Of course there is a 'homo-erotic' (notice I avoid the word 'sexual') between the two...
I think that’s actually sophistry - “erotic” and ”eroticism“ are defined in sexual terms: “a state of sexual arousal or anticipation of such”, so to use either of them is still to highlight the relatoinship in sexual terms.
But that aside, to lead off with, “Of course…”, is to imply that the conclusion is self-evident (I think you’ve actually missed a word out, as you appear to be using “homo-erotic” as a noun, when you may have meant it to be an adjective); the fact is that the point isn’t self-evident to everyone, and just declaring it to be so, doesn’t actually make it so.
You also fail to address a point that has been made in this thread and others: a large part of the debate is that the series is not sexual at all, and does not require such a reading.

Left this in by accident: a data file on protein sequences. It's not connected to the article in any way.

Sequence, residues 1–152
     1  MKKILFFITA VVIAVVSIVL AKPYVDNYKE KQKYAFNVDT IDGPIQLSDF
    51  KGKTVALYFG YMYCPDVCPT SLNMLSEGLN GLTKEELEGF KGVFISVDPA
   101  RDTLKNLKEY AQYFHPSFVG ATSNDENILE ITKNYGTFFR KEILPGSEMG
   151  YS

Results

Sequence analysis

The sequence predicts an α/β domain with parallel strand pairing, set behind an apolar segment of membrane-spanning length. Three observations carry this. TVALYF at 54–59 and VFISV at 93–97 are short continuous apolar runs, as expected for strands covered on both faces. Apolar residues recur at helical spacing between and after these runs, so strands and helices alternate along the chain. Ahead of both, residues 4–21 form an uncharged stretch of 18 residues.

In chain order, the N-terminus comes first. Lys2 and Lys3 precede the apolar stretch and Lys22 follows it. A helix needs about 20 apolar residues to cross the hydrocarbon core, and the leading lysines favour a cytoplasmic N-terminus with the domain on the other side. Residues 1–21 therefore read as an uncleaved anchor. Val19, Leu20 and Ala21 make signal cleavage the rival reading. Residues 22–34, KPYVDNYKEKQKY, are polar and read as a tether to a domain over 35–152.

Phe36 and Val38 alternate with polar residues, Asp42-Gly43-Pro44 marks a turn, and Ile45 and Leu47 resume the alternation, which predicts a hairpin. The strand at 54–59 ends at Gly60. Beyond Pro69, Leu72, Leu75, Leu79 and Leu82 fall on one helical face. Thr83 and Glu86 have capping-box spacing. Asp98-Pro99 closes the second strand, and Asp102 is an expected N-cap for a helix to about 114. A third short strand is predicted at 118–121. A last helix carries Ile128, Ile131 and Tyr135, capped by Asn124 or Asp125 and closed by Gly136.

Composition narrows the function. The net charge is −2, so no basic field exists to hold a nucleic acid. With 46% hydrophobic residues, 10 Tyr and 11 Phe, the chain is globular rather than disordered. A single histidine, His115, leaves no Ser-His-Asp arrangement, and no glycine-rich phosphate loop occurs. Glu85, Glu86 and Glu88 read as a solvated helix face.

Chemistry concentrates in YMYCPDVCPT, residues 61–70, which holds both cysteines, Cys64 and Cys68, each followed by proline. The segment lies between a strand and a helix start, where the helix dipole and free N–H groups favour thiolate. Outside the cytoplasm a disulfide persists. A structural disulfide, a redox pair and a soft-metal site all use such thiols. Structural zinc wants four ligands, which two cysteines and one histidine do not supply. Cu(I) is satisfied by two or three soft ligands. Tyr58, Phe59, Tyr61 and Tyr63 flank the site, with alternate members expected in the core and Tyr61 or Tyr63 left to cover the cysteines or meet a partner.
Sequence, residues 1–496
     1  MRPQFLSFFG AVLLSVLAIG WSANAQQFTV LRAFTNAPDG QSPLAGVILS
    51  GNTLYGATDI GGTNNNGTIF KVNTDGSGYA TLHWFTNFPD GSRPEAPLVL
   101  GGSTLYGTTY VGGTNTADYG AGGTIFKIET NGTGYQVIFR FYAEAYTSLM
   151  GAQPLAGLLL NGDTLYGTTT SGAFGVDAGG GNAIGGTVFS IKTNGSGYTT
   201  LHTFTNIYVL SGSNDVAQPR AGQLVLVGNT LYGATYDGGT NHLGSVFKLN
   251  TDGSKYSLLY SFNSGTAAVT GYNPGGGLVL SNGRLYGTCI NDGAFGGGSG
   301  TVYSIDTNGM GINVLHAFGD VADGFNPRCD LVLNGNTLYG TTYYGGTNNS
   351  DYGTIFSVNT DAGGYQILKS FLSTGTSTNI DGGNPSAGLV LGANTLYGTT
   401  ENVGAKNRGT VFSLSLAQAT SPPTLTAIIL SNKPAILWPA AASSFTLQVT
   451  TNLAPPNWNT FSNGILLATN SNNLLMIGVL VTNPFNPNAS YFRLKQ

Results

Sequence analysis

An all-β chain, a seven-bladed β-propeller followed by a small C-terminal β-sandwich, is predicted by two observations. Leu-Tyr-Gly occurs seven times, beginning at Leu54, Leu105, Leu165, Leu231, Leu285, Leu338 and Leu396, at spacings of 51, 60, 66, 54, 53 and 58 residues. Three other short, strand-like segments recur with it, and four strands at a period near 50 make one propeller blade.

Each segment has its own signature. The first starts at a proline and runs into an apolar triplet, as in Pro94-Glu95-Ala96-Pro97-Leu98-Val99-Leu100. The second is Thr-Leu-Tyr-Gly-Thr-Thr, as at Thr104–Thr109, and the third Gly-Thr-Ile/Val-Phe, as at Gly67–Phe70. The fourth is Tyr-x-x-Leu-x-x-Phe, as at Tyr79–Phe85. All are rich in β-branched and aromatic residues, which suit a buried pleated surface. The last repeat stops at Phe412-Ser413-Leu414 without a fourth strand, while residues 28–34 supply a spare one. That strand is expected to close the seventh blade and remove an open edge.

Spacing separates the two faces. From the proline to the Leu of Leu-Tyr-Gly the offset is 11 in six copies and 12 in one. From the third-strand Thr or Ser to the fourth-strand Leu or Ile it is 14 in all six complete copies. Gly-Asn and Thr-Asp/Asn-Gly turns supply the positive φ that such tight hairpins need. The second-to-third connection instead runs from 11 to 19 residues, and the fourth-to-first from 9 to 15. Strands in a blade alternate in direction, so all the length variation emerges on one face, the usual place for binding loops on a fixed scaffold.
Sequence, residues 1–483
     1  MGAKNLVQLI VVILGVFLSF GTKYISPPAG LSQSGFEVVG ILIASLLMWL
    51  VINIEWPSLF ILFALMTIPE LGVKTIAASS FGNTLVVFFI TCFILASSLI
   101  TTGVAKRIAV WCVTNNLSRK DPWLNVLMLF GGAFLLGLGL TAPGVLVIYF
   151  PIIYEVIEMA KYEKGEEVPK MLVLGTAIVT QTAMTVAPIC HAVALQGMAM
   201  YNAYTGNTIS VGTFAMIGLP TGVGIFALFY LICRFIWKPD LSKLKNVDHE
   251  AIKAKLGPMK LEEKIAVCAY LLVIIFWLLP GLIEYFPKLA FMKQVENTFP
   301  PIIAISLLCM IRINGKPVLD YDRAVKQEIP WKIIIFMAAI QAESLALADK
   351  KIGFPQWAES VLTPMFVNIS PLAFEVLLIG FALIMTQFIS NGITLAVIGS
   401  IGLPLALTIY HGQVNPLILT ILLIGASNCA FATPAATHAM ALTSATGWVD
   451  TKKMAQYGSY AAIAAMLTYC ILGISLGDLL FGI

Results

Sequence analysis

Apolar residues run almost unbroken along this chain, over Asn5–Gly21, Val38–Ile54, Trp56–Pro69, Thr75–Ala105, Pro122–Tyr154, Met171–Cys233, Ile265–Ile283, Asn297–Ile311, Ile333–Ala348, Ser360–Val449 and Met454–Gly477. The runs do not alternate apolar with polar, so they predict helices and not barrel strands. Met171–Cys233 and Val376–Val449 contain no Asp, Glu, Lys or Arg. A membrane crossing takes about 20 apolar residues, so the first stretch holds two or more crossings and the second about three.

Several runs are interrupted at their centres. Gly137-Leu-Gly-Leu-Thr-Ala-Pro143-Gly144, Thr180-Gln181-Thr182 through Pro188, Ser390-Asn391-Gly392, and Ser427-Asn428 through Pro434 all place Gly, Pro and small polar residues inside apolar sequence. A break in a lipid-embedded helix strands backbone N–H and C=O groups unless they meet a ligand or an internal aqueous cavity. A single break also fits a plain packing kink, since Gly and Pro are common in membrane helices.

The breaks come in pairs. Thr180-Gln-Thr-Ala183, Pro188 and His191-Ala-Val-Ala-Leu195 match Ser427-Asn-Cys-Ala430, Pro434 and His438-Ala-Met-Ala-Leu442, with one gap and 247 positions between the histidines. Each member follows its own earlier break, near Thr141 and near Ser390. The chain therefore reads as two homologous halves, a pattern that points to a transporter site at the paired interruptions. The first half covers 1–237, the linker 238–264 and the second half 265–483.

Freudian readings are by no means held universally to be valid or valuable; they are fine of you are a Freudian, not so good if you are a Jungian, and fairly meaningless if you look for systems of understanding which are based on scientific method and backed up by double-blind testing and thus don’t rely entirely on personal interpretation. Freud may be right, he may be wrong, but he was terrible
for actually providing concrete data to back up his assertions!
Adding a sub-text of sexuality to it – be that heterosexual or homosexual – is potentially an imposition of the individual reader; sometimes a cigar is just a cigar.
If applying sexual politics helps someone enjoy the books, or identify with the character(s), well and good. If someone reads the books and sees no sexual dimension to them, that’s fine too.